“Wow – that must be pretty crazy” is the standard response I get when I tell people i’ve been living in the 22 person house known as ‘Westella’ for the past few months. Honestly, pretty crazy is not a good enough description of the place – a more accurate description would perhaps be beautifully berserk. This post is a tribute to my experience in an international shared house and will hopefully encourage those considering to live abroad in the future.
I’d say I was extremely lucky in finding out about Westella. Most of us that live here discovered it by word on the street; after attending a few study abroad sessions you would be approached by a returned student like “Ay pssst, there’s this accomodation that I think you would be interested in”. One of my Italian housemates found the place by zooming into the city on google maps and picking the first accommodation he saw (not sure i’d recommend). The website was not at all convincing (have a gander and see why: http://www.westendstudentaccommodation.com), but considering the phenomenal dent the other accommodation options would leave in my student loan, and after a few more recommendations by other students, I decided to go for it nonetheless.
I travelled to Australia knowing no one, though was lucky enough to have Jonno, an Australian contact to pick me up from the airport (I forgot to sign up for the university provided pick up anyway – oops). It being Australia and all, the first thing I was greeted with as I walked up to the door was a MASSIVE spider sitting right outside the window of my room. Along with the spider I have 3 housemates from France, 2 English, 4 Irish, 2 Germans, 2 Danish, 1 Dutch, 3 Italians, 1 Australian, 1 Pakistani and 1 ghost – because every student house has at least one. I did not expect to come to Australia and meet so many Europeans. Luckily all of them speak English, decently enough, and they soon became like a family to me. In the short time of only 3 months I genuinely feel I have made some lifelong friends living here.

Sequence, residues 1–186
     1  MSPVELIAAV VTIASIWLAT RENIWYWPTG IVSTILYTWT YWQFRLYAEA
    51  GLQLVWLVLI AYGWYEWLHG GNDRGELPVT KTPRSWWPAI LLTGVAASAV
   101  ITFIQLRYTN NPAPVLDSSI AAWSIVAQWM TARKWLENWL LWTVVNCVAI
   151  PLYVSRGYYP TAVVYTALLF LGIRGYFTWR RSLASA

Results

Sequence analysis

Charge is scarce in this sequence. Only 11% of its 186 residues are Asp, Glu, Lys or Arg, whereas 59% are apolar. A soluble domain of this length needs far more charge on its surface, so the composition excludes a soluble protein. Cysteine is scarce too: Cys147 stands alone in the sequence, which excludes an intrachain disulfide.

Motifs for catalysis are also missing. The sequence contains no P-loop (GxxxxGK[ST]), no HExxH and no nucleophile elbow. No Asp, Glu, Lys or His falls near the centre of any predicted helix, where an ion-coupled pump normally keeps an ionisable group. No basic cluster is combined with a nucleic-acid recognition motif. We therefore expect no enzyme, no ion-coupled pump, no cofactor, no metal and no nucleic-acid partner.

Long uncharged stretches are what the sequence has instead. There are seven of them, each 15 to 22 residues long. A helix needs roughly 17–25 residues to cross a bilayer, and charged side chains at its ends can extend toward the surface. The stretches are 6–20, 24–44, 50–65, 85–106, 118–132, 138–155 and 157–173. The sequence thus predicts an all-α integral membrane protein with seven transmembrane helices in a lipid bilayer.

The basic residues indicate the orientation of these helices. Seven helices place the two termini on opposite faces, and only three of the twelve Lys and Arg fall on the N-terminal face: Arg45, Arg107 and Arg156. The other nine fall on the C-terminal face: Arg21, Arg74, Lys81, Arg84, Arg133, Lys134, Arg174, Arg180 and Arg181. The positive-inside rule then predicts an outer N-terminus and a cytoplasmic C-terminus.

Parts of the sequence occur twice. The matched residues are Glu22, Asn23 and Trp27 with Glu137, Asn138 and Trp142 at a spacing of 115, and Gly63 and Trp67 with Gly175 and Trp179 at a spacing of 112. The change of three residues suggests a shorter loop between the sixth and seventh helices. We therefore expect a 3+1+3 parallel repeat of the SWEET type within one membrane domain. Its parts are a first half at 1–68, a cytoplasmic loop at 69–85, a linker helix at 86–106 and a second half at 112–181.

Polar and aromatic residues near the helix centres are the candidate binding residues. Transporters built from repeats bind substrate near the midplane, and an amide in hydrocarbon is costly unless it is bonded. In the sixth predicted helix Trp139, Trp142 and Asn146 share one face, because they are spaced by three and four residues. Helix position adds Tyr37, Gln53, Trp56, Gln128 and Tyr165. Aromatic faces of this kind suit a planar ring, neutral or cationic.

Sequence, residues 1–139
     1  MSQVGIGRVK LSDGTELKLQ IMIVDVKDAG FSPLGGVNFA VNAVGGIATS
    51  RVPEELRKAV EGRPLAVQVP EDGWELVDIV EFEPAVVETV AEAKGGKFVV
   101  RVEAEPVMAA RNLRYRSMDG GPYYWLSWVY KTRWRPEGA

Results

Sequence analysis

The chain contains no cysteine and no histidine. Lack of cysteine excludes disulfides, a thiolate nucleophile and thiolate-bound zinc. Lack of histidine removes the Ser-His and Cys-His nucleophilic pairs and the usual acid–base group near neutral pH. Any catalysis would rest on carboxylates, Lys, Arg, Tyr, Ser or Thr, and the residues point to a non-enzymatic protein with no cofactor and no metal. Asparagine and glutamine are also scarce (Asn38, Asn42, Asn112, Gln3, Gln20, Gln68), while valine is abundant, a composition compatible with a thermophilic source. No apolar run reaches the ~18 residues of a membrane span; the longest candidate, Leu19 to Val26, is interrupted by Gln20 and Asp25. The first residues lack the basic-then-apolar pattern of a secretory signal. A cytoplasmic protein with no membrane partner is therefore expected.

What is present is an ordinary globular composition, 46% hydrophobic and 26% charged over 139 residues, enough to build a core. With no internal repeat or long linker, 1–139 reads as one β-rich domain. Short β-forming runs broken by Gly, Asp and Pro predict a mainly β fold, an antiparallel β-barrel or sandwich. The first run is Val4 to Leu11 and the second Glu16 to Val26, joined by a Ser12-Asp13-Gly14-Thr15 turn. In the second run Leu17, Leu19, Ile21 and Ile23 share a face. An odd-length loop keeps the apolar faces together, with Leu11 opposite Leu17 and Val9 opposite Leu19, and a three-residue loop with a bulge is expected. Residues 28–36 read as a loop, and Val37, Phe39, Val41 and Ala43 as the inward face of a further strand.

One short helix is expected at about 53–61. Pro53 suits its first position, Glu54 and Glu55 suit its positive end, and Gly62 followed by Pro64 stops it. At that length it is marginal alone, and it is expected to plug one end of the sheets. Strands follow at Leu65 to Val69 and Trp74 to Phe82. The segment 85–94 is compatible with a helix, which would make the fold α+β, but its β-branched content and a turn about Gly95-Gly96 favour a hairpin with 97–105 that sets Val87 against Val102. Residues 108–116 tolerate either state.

The house itself is located in an area called West End, which could be compared to the likes of Manchester’s Fallowfield. We have a nice local kebab shop and supermarket, it’s quite a dodgy area and is a bus (and ferry) ride from university.
If you are planning on moving into a shared house and expecting to be able to focus longer than 5 minutes I would check to see if there are any coffee shops or libraries nearby. I will admit that personally, the noise people make in the house isn’t distracting in itself. I instead rise up to the challenge of being even noisier.
From what i’ve experienced you can make anywhere feel like home. Moving abroad is a brave thing to do and the first step is definitely the hardest. As long as you take that big step and embrace the quirkiness of wherever you end up, moving abroad is completely worth it.